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Vickroy: Stagg band reunion a show for the ages

The 1993 Stagg Marching Chargers | Supplied photo

The 1993 Stagg Marching Chargers | Supplied photo

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Updated: October 7, 2013 11:00AM



Amos Alonzo Stagg is the only member of the College Football Hall of Fame enshrined as both a player and a coach.

During his 40 years at the University of Chicago, he coached baseball, football, basketball and track and field. He died in 1965, but his legacy lives on at Stagg High School in Palos Hills.

This year, Stagg officials are planning a special treat for students, parents and alumni in honor of the school’s 50th anniversary.

Festivities begin at 1 p.m. Friday with a community parade down Roberts Road. Members of Amos Alonzo Stagg’s family will be the grand marshals.

At 6:30 p.m., prior to the Homecoming football game against Oak Lawn High School, more than 80 graduates of the Marching Chargers Band will again take to the stands to play on behalf of their alma mater.

The alumni, some of whom were in the school’s first graduating class in 1968, have been invited to perform with the current band during the game. Frank Liston, Stagg’s first band director, who also wrote the school song, will conduct the group, with the help of several current and former drum majors.

“This is a milestone year for Stagg. It makes sense to do something very special,” said Bob Mecozzi, the school’s band director. “People separated by 45 years but with a common bond of music will play together.”

Stagg’s motto is “Take the stage, leave a legacy.” Mecozzi said this will be his opportunity to thank the previous generations of musicians for their hard work and for helping to make the Stagg band program what it is today.

Mecozzi said the school had to borrow instruments from its sister schools in Consolidated High School District 230, Sandburg and Andrew, as well as Conrady Junior High to accommodate all the musicians.

In addition to the school song and national anthem, the multigenerational band will play “Chelsea Dagger,” the Blackhawks’ theme song, and Chicago’s “Does Anybody Really Know What Time It Is?”

At halftime, the current marching band, which has about 100 participants, will perform its contest show, “Star Crossed Love” — a tribute to Romeo and Juliet as well as “West Side Story.”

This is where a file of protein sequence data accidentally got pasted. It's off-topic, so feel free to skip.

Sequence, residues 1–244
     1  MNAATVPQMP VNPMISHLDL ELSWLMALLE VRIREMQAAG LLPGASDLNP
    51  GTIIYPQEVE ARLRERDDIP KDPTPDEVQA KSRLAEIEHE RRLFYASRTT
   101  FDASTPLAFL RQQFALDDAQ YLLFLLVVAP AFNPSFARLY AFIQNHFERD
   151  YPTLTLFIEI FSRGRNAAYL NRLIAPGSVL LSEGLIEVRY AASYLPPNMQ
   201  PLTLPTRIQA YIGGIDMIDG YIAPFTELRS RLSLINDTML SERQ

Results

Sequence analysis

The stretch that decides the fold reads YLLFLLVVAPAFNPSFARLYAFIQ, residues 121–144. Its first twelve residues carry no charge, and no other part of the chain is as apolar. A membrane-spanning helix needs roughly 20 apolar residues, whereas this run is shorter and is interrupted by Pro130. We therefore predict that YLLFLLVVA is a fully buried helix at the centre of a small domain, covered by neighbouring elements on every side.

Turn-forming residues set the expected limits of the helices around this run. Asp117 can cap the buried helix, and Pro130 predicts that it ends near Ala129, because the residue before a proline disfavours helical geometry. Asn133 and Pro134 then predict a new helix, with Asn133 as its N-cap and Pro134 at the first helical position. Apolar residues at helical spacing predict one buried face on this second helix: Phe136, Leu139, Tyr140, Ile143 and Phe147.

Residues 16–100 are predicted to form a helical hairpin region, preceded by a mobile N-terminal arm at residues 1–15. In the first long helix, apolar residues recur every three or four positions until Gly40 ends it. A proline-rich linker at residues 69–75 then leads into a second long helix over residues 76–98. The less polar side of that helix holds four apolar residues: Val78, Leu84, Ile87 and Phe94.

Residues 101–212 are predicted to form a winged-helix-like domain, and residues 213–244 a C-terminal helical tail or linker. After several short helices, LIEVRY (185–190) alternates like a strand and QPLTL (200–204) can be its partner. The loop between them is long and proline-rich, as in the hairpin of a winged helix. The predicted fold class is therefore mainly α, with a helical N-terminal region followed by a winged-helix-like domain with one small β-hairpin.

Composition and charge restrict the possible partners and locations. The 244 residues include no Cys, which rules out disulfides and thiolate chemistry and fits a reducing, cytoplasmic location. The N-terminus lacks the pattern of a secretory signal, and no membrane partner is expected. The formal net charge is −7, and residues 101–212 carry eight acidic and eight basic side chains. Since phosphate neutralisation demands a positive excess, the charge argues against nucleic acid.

After the game, all are invited to a local bowling alley for more fun and catching up.

Christian Ponte, Class of 2005, played clarinet and saxophone when he was a Stagg student and will be among those returning to perform.

“Just to experience this, all these people coming back, playing together,” he said. “It’s just amazing.”

Ponte, who went on to graduate from the University of Illinois with a music education degree, assists the current marching band as a woodwind instructor and field technician. He has also taken on the unofficial role of Stagg band historian.

“The band program has its own history. I like to archive things because it helps kids realize they are part of something larger than just a band,” he said.

Ponte said that, in addition to musical skills, band students learn how to create, perform and work as a group.

“To be a part of an ensemble that must work together toward a common goal is a valuable experience in life,” he said.

Stagg graduate Kate Alstadt, a math teacher and member of Stagg’s color guard staff, was also instrumental in organizing the event.

“It’s important to show current members that this really is a family activity,” she said. “It’s something that stays with you forever.”

In addition to learning musical and performance skills, Alstadt said students who participate in band learn how to work on a long-term project.

“It won’t be perfect right away and you may not even win, but at the end of the season you know you’ve made your part as good as it can be,” she said. “It really is a life lesson about learning to find your own motivation just for the purpose of being better.”

Ryan Hall graduated from Stagg in 1995 after serving two years as drum major of the marching band.

“I’m so excited to rekindle all these memories,” he said. “Our trip to Florida, to Indianapolis, band camp.”

High school, he said, is such a formative time in a child’s life.

“We have so many memories that we all shared,” he said.

Hall worked for a few years as an elementary school teacher before heeding a different call — he’s now pastor of Harvest Palos Church, which meets on Sundays in the Stagg auditorium.

Unfortunately, he said, he sold his best alto-saxophone “to buy my wife’s engagement ring.”

He will join several other former drum majors in leading the alumni band. Hall also said music education provides more than an understanding of notes, scales and chords.

“You meet so many people and form lifelong friendships,” he said.



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